vp19 (vp19) wrote in carole_and_co,

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Carol(e) comes east

"Fast And Loose," shown above at the fabled Paramount Theater in Times Square after its release in November 1930, was the only film Carole Lombard made at Paramount Pictures' East Coast studios in Astoria, Queens.

We've previously discussed what New York was like in mid-1930, when Lombard visited the city for the first time (https://carole-and-co.livejournal.com/444609.html), but now that I'm part of Newspapers.com, I thought I'd investigate how the local press, specifically the New York Daily News, covered her journey east.

The Daily News -- which celebrates its centennial next year -- was the major journalistic success of the 1920s. A tabloid-sized publication, thus making convenient reading for riders of mass transit, the News also had a breezy, urban attitude that complemented its clientele. It inspired two notable competitors, Hearst's New York Mirror and magazine publisher Bernarr Macfadden's racy, relatively short-lived New York Graphic.

Here's the famous front page of the News on Jan. 13, 1928, when photographer Tom Howard, posing as a reporter, used a small camera attached to his ankle to picture Ruth Snyder the very second she was electrocuted at Sing Sing for the murder of her husband. (Photographers were barred from executions, but neither Howard nor the News was prosecuted.)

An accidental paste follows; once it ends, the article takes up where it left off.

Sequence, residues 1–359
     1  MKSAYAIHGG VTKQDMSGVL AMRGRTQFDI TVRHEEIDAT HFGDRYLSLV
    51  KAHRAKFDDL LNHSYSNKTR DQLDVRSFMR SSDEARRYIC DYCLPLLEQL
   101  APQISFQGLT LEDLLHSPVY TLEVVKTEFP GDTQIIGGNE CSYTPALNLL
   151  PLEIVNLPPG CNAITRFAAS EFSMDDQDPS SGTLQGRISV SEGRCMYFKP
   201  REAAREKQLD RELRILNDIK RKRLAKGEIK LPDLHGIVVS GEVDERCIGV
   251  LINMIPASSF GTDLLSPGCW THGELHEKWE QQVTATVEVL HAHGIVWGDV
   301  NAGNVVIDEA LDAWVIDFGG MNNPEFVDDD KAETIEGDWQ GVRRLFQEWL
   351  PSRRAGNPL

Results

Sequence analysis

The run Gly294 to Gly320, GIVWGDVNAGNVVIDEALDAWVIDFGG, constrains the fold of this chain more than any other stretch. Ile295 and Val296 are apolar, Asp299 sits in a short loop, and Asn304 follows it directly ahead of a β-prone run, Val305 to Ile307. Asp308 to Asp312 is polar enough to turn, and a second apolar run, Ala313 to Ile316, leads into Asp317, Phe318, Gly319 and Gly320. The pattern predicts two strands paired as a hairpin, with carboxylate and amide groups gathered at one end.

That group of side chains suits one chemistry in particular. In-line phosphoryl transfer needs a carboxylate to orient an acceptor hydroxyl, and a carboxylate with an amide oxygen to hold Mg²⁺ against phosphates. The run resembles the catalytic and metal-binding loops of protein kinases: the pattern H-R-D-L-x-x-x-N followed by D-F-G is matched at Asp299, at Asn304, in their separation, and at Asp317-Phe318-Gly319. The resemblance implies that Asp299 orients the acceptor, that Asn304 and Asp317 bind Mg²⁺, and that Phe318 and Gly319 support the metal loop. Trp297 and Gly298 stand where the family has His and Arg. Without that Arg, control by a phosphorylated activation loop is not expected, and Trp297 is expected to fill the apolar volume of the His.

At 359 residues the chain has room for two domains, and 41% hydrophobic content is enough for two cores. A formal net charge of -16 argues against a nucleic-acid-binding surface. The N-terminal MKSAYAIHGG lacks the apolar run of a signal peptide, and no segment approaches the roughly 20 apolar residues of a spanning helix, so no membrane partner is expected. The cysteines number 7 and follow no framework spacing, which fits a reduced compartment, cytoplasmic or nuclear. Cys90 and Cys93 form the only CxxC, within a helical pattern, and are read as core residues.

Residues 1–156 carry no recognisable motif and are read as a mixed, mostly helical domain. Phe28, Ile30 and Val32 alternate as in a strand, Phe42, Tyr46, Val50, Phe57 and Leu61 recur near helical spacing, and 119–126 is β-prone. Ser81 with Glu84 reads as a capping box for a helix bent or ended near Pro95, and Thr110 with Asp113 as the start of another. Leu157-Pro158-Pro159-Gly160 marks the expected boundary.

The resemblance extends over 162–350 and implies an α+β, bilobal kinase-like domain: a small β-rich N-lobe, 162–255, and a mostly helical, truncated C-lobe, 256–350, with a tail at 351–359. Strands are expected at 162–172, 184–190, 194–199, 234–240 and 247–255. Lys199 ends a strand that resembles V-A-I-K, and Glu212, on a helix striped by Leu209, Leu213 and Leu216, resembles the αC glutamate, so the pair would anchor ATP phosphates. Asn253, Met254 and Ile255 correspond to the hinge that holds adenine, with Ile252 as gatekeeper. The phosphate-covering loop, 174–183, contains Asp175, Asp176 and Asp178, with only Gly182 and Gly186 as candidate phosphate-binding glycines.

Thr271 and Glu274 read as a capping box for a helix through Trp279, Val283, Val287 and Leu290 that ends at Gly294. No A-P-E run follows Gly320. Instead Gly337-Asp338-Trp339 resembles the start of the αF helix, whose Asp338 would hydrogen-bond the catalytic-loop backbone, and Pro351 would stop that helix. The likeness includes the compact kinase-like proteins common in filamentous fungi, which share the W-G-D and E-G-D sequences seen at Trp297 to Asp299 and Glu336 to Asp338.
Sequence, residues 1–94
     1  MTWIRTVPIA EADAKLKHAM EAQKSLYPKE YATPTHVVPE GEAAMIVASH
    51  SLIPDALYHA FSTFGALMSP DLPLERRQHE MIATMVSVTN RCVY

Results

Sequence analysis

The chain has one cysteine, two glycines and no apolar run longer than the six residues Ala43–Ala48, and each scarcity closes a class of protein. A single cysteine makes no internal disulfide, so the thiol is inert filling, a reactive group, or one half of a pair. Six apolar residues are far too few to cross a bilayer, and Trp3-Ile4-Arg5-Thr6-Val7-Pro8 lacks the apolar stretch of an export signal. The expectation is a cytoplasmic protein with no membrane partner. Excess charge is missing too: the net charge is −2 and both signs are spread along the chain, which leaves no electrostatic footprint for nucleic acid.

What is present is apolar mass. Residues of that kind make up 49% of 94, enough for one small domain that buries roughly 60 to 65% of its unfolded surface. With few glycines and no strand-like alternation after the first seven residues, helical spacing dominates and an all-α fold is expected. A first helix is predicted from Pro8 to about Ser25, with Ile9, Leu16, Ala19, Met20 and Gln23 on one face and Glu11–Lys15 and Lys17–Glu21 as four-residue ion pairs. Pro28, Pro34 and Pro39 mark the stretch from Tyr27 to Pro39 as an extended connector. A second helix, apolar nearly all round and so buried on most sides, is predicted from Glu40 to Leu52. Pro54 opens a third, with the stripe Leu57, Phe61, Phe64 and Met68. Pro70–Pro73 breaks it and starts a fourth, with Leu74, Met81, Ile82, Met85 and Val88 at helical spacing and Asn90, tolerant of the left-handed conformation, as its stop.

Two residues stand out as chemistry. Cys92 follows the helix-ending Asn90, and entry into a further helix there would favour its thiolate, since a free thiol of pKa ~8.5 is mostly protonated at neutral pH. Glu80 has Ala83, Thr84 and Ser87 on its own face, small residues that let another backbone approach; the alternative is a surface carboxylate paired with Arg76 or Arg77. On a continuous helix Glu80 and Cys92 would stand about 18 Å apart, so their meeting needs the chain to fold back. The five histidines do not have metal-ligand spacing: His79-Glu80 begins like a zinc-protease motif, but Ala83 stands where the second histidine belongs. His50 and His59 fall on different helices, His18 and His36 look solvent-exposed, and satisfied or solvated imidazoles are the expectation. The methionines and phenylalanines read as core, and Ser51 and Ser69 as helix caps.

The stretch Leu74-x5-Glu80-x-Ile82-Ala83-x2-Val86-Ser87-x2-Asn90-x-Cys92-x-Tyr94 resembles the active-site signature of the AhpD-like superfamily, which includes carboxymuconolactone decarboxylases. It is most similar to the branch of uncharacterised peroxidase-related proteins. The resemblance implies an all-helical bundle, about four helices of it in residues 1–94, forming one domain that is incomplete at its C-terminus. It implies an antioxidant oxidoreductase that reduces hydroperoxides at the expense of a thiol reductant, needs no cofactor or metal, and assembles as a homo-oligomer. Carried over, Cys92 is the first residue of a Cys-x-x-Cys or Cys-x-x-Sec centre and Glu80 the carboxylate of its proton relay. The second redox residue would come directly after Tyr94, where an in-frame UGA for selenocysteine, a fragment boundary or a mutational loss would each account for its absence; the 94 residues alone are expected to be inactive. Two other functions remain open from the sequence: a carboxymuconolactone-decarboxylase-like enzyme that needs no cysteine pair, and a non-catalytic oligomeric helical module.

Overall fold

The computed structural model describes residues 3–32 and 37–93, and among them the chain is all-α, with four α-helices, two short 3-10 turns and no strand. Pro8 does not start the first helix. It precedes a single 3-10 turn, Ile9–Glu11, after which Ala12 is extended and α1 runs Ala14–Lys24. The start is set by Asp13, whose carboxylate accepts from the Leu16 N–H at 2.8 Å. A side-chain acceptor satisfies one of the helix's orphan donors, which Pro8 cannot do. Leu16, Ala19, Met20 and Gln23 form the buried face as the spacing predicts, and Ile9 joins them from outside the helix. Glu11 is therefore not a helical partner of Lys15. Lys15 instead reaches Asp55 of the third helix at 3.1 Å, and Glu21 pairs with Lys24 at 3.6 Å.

Nearly 2 1/2 years later, June 18, 1930, the New York press learned Lombard was coming to Queens to appear in "The Best People" (the original title for "Fast And Loose"). Here's how the News and film reporter Irene Thirer covered it (we even see a leggy Lombard image somehow unnoticed for 88 years):

We'll take a side trip that day to Brooklyn and the Daily Eagle (where my grandfather was a reporter in 1930), to see how it covered Carole's forthcoming arrival. (It's at the bottom of the first column and the top of the second.)

Both the News and Eagle note that Lombard's work in that spring's "Safety In Numbers" led Paramount to bring her back; a full contract would soon follow.

One week later, on June 25, Thirer's column had a bit more Lombard news:

"She's a true California maiden. This is her first trip to New York. And she's crazy about our skyline and our men."

Over the next decade-plus, New York filmgoers would return the favor.

Carole again is mentioned in the July 11 News...

...as well as on July 20, when Lombard and other Paramount notables traveled to New Jersey to inaugurate the new Paramount theater in Asbury Park:

Here's an ad to promote the event:

The good news is that the Paramount, on the fabled Asbury Park boardwalk, still stands as a popular concert venue (and yes, Bruce Springsteen has performed there):

Lombard's mentioned at the end of an Aug. 24 column, an aside from some notes on castmate Ilka Chase:

Of Carole, the writer says:

"If a prettier blonde ever was in pictures, we've yet to see her. Miss Lombard has a glorious figure, wide blue eyes, acquiline nose and even white teeth."

The News had one more item relating to Lombard before she returned west. It ran on Sept. 19:

Note this was the second joint appearance for her with Ginger Rogers, then also in the early stages of her film career (albeit with some Broadway stardom). Ginger soon would go west for good after Paramount closed its Astoria studio; by decade's end, Carole would again be a stablemate with Rogers, this time at RKO.

Her stay in New York done, Lombard returned to California, where she soon would recapture the "e" on her first name for good.

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